She said: “My modern role as a woman should be harmonized and not confronted by the past and traditions. We are educated and we are still educating. We are always told to take care of others; men are taught to enable someone to take care of others. Let’s educate men to take care of others as well: Humans, climate and the world.”
Patricia Francourt, minister of employment and social affairs of the Seychelles, described how she learnt to become resilient living in the UK. “Passion and resilience are traits you want to share, something as women we should do,” she said.
Seeking to share what she had gained from living in the wider world, Francourt said that she had built “cabinets of resources” and launched workshops when she returned to Seychelles.
Workshops targeted women in leadership who felt they needed to go the extra mile.
Francourt, a psychotherapist before entering government, said that she did not separate her knowledge from her experience, noting that good mental health is needed to thrive. She advised women not to give up, even if they are in a minority, and to keep pushing and challenging.
Hessa Buhumaid, UAE minister of community development, said that women have other roles in a community — “a mother, daughter, aunt, you name it” — besides working or being involved in government.
“Women have lots of responsibilities, but their focus on family is very important. It is essential that the roles are balanced better than they have been,” she said.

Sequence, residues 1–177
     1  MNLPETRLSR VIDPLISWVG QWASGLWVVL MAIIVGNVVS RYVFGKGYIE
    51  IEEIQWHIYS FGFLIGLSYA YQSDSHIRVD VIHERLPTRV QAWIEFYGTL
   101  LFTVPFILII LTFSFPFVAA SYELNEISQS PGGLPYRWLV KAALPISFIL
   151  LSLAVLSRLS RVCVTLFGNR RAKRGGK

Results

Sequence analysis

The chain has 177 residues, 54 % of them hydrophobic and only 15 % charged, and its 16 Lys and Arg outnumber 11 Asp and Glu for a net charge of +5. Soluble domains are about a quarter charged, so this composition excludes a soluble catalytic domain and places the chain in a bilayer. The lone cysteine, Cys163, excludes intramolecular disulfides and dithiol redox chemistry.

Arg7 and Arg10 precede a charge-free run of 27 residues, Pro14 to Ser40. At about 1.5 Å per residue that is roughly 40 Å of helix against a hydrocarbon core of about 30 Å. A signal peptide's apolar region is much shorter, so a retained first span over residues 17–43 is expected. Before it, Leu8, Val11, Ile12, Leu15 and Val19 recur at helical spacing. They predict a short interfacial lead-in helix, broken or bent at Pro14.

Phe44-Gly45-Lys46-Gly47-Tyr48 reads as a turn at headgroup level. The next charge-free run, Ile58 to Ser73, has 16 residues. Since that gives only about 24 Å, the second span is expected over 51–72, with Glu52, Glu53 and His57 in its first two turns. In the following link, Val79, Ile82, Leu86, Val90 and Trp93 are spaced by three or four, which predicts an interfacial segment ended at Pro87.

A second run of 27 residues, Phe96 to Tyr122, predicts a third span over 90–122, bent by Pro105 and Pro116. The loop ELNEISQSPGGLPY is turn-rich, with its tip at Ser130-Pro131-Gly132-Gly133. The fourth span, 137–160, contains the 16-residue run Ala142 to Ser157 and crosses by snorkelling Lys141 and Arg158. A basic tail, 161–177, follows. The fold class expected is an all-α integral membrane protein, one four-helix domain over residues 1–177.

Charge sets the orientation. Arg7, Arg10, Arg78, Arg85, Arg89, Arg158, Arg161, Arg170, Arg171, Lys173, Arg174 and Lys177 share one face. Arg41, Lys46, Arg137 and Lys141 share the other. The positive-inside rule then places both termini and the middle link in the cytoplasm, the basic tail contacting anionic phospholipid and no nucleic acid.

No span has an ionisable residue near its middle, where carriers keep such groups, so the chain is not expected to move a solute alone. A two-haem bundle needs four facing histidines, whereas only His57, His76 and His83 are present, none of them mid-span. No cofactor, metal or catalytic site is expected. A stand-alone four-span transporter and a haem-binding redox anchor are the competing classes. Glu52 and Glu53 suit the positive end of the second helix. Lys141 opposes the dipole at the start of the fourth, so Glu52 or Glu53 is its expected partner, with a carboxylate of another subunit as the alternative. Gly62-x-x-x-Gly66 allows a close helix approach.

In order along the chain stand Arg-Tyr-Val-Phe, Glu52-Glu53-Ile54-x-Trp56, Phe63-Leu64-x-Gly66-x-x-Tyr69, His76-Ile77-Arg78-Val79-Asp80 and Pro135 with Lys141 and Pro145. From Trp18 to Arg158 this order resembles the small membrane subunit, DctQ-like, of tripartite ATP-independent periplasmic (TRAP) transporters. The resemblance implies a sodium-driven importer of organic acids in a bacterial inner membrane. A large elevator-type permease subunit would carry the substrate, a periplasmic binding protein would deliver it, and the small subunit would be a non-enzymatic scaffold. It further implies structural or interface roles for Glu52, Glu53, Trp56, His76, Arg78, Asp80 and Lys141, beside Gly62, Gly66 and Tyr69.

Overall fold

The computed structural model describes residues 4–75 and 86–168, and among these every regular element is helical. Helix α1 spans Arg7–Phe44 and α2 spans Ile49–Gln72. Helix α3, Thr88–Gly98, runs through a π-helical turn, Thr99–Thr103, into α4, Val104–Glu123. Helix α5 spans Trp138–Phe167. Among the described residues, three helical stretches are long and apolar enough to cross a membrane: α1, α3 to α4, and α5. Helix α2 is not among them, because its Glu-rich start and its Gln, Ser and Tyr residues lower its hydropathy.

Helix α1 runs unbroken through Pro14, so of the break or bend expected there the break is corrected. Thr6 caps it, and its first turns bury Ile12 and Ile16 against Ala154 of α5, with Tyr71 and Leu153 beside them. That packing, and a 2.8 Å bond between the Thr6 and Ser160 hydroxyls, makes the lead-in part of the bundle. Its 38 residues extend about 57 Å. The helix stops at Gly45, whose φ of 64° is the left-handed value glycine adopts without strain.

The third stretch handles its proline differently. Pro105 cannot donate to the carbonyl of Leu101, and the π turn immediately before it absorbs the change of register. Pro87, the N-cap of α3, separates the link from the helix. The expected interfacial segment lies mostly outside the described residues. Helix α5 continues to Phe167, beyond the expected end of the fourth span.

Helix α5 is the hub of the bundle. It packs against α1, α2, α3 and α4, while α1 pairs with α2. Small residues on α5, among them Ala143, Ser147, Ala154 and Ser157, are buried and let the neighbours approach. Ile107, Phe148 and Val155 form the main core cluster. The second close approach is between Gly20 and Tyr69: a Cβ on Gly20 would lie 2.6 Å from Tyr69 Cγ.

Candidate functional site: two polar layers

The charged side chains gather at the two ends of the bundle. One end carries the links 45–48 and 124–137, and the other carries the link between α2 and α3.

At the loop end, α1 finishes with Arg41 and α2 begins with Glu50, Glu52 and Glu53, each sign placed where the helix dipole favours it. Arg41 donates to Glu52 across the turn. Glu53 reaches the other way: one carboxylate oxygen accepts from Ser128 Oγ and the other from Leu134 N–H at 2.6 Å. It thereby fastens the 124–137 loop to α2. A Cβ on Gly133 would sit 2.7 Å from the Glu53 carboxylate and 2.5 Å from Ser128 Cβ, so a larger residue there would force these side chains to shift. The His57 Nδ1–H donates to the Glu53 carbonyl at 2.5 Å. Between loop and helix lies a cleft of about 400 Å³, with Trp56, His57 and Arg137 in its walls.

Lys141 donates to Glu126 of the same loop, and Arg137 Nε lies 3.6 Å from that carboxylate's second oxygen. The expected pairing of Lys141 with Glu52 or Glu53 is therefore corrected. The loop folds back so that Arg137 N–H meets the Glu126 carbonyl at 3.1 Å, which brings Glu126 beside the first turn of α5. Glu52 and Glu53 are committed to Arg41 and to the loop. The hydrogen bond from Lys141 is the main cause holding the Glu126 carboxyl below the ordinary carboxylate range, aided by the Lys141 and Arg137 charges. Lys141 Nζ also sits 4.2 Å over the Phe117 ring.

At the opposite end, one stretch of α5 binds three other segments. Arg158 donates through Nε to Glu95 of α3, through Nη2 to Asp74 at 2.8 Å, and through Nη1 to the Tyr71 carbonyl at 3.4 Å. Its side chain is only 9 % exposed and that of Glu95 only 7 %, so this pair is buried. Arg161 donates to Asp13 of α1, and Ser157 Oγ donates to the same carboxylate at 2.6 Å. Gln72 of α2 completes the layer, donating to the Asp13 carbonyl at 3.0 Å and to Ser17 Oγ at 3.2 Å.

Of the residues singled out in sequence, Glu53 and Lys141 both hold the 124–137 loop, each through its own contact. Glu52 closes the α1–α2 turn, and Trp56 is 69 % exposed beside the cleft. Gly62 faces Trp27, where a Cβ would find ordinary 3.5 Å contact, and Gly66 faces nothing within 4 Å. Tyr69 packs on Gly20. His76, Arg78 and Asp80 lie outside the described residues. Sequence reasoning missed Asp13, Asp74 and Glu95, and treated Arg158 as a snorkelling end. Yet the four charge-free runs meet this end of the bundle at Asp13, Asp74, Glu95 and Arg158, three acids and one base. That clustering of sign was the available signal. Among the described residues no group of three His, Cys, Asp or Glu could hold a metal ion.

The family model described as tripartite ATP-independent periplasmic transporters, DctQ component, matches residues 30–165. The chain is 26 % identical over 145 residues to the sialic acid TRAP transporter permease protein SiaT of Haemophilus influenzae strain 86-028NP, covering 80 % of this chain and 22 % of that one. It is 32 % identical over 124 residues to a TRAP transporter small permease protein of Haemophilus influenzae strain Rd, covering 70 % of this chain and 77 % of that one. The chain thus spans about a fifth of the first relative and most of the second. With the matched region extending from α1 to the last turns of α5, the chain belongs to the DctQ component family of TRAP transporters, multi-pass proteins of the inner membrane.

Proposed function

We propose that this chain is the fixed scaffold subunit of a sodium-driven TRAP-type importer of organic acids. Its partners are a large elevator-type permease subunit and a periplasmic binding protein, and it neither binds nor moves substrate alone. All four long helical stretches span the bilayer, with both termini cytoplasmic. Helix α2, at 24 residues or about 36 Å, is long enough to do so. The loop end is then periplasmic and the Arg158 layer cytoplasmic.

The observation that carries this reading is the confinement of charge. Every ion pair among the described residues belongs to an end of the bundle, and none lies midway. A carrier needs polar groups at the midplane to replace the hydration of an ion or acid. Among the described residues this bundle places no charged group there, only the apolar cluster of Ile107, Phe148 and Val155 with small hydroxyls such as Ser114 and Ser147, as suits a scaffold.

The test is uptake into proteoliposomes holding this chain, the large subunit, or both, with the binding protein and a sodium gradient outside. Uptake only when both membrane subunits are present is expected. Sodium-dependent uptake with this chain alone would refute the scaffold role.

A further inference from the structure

Discussing the role of women in shaping resilient economies, Hala El-Saeed, Egypt’s minister of planning, monitoring and administrative reform, underscored the need for political will, institutional framework and decrees that support the role of women in leadership. “We need qualified women. We need to invest in women,” she said.
Nadia Fettah Alaoui, Morocco’s finance minister, said that women need to be empowered in both the public and private sectors.
“Women having high positions can offer different ways to tackle problems and set priorities,” she said. “Rural women, in particular, must be educated and included.”
In a separate special address, Huda Al-Hashimi, UAE deputy minister of cabinet affairs for strategic affairs, discussed women’s role in “bringing global moral strategic leadership to the table.”
Mia Mottley, prime minister of Barbados, defined the concept as doing the right thing, picking the right battles and working as one on the big issues.
“Time is not on our side; battles have to be won almost immediately,” Mottley said.